Buddhist Architecture of India
The earliest Buddhist monuments in India are attributable to Asoka (273-232 A.D) who exerted his energies and resources of his empire for propagation of Buddhism. Three main types of structures are associated with buddhist architecture in India, they are:
- Apart from these building, Pillars (Stamba) also form an integral element of buddhist design and architecture
Buddhist Architecture: A. Stupas
- Mound-like structure containing Buddhist Relics
- Construction: Brick work , surface of dome finished of with a thick layer of lime water
- PARTS OF STUPAS
- Anda is the Hemishperical dome.
- Harmika: Top of dome is ‘Harmika’ , square balcony in decorative form enclosing a pedestal
- Chattra: A 3 tiered stone / wooden umbrella chhatrayasti raised over pedestal which was the vedic alter of sacrifice and represented the village shrine.
- Vedica: Stupa is enclosed with a wooden / stone railing called vedica.
- Toranas : They were cermonial gateways placed at cardial point similar to Aryan village gates .
- Medhi : Medhi (predestrian Path) for devotees to wave in homage to stupa. Medhi was approached by double staircase sopana .
- Example: Sanchi Stupa
- Located at Sanchi – 3 Stupa on hill – Great Stupa (biggest)
- Laid by Ashoka (3rdBC)
- Large hemispherical dome which is flat at the top
- Crowned by a triple umbrella or Chattra on a pedestal surrounded by a square railing or Karmika
- Exquisitely carved gateways or Toranas in the North, South, East and West
- Another stone Balustrade and two flights of steps leading to the circular terrace
- Reconstructed during
- Shunga Period
- Satvahana –King Stakarni
- Gupta Period
- New architectural forms, i.e. a quadrangular monastery, square and rectangular image shrine, pillared hall and a. small stupa on a square platform
Buddhist Architecture: B. Viharas (Monasteries)
- They are residential places of Buddhist priest.
- Main halls entered by a doorway , it has assembly halls , dining chambers , meditation cells , walls depict figures of Buddha .
Nagapattinam Vihara in Tamilnadu
- It was built by Sailendra Kings of Sumatra
- Chola emperor Rajaraja 1 had made an official charter to pay for the expenses of running this Vihara.
- Sahyadri Hills – U-shaped gorge on the small river Waghora (or Wagura)
- 1st phase: Satavahana dynasty, 2nd Phase- 5th century-during reign of Harisena – Vakataka dynasty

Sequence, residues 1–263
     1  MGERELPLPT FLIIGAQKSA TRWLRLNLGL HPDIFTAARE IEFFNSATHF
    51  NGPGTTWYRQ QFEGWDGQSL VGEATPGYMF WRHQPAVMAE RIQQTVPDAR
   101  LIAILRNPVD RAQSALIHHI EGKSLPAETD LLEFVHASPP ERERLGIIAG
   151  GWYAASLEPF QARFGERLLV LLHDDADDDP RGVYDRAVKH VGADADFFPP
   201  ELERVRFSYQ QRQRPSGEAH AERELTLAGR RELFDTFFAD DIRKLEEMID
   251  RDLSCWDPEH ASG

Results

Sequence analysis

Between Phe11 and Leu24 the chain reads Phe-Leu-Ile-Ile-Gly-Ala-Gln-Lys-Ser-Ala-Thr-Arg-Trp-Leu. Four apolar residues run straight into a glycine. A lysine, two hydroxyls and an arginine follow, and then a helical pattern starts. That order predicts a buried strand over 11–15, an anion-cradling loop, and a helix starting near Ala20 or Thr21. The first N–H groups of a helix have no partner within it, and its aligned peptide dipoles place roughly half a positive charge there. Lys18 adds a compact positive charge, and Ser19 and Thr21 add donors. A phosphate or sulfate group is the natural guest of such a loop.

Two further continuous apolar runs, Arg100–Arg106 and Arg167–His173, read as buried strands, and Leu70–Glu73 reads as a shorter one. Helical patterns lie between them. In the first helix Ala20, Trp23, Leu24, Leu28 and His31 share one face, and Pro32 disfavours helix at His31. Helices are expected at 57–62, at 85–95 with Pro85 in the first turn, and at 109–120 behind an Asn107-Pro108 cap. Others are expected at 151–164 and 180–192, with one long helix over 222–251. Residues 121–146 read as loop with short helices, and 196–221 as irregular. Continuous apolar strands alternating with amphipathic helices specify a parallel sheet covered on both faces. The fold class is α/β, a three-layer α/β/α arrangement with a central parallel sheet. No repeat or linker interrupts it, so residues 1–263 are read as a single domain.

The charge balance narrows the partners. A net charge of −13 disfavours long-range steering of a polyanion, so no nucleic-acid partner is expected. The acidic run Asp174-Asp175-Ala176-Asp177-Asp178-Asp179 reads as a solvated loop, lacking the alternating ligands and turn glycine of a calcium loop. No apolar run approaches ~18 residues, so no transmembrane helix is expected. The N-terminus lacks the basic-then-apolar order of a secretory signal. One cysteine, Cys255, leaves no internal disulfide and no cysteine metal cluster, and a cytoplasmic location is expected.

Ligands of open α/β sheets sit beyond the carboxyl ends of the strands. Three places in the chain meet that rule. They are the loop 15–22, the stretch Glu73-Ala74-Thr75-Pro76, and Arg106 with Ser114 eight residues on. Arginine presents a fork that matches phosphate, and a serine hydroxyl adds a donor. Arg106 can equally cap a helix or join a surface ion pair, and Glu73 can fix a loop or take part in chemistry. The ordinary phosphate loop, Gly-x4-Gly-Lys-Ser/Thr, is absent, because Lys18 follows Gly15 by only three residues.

- There are 30 caves in Ajanta of which 5 are chaitya-grihas(9, 10, 19, 26 and 29) and the rest are monasteries
- All paintings centre around Buddha, Bodhisattvas, incidents from the life of Buddha and the Jatakas.
- The paintings are executed on a ground of mud-plaster in the tempera technique.
- Abandoned in AD 650 in favour of Ellora
- First mentioned by Chinese pilgrim Huen Tsang – visited India between 629 – 645 AD.
Ellora Caves (5th -13th Cen AD)
- Representing 3 major religion of india- Hinduism, Buddhism & Jainism.
- Lies on ancient trade route- dakshinpatha.
- 12 Buddhist caves(1-12)
- 17 Hindu Caves(13-29)
- 5 Jaina Caves(30-34)
- Best example of Religious Harmony
Buddhist Architecture: C. Chaityas
- Chaityas were Temples or Assembly halls where monks used to Pray.
- Opened by small rectangular doorways to vaulted hall with apisidal end .
- Divided longitudinally by 2 colonnades forming a broad nave in the centre and two side aisles.
- The roof is usually semi – circular .
- The chaityas resemble to that of church
Other Examples of Chaitya:
- Barabar Hills: The Lomas Rishi & Sudama
- Nagarjuni Hills: Sita Marhi Caves
- Gunta Palli: Largest brick chaitya
- Ajanta Caves: Caves 9, 10
- Ellora Caves: 12 Caves
- Bagh Chaitya
Karle Caves, Pune
- Largest Chaitya-grihaamong all Buddhist monuments in India
- Has a huge lion pillars in front of Chaitya-griha. (only two caves have this design- Karla and Kanheri)
- stupa has cylindrical drum shape
- Octagone shaped pillars behind Stupa, without any decoration
- Second largest Chaityagriha in India, after Karle caves.
- Lion Pillarsat the Entrance. (Just like Karle caves)
- Podhis: water cisterns for rainwater harvesting
- Images of both Standing Buddha and sitting Buddha flanked by Bodhisattvas
- Famous Satvahan king Gautamiputra Satakarni’s namementioned in the inscriptions here.
- Hinayana faith
- has Woodenceiling over Chaitya-griha.
- Stupa has a hole on top, for inserting wooden
- Verandaha has woodenreliefs showing royal women driving chariots over a demon.
- Vihara for resting monks with rock cut seats and benches.
- Also known as Pandava’s caves
- Inscriptions mention King Gautamiputra Satakarni’s motherGautami Balasri had financed the construction of third cave.
- Contains a panel depicting Buddha’s Mahaprinirvana
Buddhist Architecture: D. STAMBHAS OR LATS
- Buddhist pillars bearing inscriptions on their shafts, with emblems or animals on their capital.
- Typical Buddhist column are of two types: one is based on persepolitian type and other graeco-roman
- Persepolitian type is a octagonal with bell shaped capital supporting animal sculpture. The shaft is highly polished and has a vase-shaped base.
- Graeco-roman type is rectangular with shallow flutes. They are tall and slender; the height nearly six to eight times its lower diameter. At the top is a capital usually with a fluted vase motif.
- Ashokan Pillars:19 surviving, Sarnath Pillar best example
- Sarnath pillar is 15 m high .
- Four lions surmounting capital; supporting metal wheel containing 24 spokes and called wheel of lane .
- The wheel symbolizes first summon of Buddha , which is alsoadopted as national emblem of India .
- Sarnath lion capital (restored) of monolithic column showing buddhist symbols.